What more can we expect from this workshop down the line?  What is the objective?  

This is a continental policy and the objective is to support member states so that they can then collaborate more effectively to be able to clamp down and to deal with the trafficking in persons. The objective is also to assist member states to harmonise the approaches, to implement the commitments through a harmonised partnership approach. The policy is to push them to enact specific legal frameworks that are focused on human trafficking at a national level.

Data generation and data collection are important in the fight against human trafficking. The methodologies of data collection and information sharing are also important, as are the partnerships with institutions like Interpol. AU also has an institution called AfriPol that works across the continent, so that there is intelligence sharing in order to be able to fight traffickers and clamp them down.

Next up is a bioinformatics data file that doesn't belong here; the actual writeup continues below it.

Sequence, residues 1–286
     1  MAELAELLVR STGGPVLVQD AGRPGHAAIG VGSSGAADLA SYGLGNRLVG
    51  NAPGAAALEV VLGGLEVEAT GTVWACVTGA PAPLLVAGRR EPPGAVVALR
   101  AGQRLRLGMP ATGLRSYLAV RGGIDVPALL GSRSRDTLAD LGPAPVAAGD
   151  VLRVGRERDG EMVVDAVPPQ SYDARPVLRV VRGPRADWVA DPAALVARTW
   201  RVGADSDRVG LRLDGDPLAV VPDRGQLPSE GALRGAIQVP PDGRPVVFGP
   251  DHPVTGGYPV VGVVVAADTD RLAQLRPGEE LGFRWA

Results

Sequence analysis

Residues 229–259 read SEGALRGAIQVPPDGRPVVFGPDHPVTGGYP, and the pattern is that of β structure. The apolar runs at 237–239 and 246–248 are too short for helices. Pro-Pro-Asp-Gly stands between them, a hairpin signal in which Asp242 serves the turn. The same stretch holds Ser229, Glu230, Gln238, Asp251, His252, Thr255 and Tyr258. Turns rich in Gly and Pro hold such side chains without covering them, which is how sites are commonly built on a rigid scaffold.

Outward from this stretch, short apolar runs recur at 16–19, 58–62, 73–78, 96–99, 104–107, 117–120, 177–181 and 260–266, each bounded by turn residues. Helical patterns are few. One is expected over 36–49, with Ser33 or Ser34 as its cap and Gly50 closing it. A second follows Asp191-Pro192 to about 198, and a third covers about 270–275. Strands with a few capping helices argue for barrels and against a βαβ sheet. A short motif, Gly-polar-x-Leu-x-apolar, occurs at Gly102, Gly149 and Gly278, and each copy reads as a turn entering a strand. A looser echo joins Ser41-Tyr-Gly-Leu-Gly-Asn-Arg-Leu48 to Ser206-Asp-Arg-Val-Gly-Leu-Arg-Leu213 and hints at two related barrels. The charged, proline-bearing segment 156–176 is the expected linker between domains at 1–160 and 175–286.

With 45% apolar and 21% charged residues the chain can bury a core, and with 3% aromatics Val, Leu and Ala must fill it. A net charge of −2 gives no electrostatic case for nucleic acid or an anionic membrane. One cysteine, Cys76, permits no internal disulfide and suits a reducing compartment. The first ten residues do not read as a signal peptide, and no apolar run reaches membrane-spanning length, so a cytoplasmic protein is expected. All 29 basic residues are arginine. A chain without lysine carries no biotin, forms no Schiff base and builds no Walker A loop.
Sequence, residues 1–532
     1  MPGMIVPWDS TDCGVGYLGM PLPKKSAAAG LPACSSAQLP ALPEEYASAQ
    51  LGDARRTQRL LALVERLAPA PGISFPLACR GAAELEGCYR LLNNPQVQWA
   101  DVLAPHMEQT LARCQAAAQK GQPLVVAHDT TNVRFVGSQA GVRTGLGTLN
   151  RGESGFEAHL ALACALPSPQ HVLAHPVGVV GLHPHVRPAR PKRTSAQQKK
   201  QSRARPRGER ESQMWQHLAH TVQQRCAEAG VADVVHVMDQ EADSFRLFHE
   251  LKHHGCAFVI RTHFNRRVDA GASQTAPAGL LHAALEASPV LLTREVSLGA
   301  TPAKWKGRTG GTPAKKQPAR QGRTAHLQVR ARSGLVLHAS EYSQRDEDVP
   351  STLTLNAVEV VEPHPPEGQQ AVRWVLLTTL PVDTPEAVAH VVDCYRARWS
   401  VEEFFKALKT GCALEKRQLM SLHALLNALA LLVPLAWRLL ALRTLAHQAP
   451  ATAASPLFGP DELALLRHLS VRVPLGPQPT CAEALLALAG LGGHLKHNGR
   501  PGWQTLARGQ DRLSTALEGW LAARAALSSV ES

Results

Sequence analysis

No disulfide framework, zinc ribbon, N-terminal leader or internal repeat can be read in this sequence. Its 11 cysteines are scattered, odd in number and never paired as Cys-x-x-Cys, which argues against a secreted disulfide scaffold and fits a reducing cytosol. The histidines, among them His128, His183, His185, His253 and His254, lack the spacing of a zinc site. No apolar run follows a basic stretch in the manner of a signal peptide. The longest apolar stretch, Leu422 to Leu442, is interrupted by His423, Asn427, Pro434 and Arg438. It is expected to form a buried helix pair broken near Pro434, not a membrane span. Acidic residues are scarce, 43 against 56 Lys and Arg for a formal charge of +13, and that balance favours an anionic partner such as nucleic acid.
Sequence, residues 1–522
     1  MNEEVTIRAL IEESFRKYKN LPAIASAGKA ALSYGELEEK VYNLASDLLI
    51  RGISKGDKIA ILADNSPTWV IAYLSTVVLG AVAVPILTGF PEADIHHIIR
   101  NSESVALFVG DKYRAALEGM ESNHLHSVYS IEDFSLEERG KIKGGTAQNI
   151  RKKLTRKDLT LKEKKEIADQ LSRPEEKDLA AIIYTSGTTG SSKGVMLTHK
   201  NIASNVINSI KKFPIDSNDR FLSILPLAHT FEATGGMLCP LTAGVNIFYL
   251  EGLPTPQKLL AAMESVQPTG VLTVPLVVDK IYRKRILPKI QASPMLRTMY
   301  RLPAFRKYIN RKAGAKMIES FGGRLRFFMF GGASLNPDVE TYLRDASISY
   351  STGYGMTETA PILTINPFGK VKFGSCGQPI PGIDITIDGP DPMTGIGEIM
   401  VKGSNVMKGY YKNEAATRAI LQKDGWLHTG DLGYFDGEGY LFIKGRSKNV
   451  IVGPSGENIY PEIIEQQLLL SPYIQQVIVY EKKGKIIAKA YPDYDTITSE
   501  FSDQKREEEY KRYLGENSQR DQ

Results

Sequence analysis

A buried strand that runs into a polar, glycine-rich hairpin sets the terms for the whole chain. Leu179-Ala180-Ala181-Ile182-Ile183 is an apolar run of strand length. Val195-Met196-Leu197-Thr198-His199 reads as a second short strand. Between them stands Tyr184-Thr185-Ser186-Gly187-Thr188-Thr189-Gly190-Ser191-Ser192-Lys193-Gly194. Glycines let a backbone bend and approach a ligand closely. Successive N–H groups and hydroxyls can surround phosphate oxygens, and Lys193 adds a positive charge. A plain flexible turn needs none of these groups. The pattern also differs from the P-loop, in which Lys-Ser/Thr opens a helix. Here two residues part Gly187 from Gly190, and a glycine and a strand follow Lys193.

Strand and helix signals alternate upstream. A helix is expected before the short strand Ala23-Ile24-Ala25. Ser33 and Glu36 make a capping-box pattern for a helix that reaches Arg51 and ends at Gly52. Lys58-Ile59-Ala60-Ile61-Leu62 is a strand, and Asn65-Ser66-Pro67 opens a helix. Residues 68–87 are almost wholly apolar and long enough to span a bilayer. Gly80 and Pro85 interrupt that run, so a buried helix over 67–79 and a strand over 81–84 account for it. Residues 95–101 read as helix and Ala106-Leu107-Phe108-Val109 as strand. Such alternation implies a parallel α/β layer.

Are there countries which are more vulnerable, which need more assistance than others, regarding TIP?  



Are we referring to countries or regions? 

We found out that there are routes that have been established for TIP and smuggling of persons. There is a northern route, where people are moving to Libya with the intention of maybe moving across to Europe. The southern route concerns people passing through Tanzania, Malawi, down to South Africa. There is also a western route.

In all these routes, there are countries of origin, which are in fact countries of transit. Niger is for instance considered as a transit country, because most of the people who are coming from the west are passing through Niger, through the desert, and are trying to reach Libya.

Countries experience different forms of irregular migration and irregular practice, and people are trafficked along these routes. We found out that the conditions are different when they reach the destination in Libya.


Why is Libya the preferred route of the traffickers to reach Europe?

Currently, there is a way there, once you get to Libya, and they got to know about it. There are boats that cross the Mediterranean to Europe, and that’s what they want, because the pastures are seen as greener there.


Can we know more on the cooperation framework between the African Union and the European Union on this matter?  

We call it continent to continent arrangement, EU-AU, and the cooperation is on migration and mobility dialogue. There is cooperation, where EU and AU meet frequently, to discuss the challenges on both sides.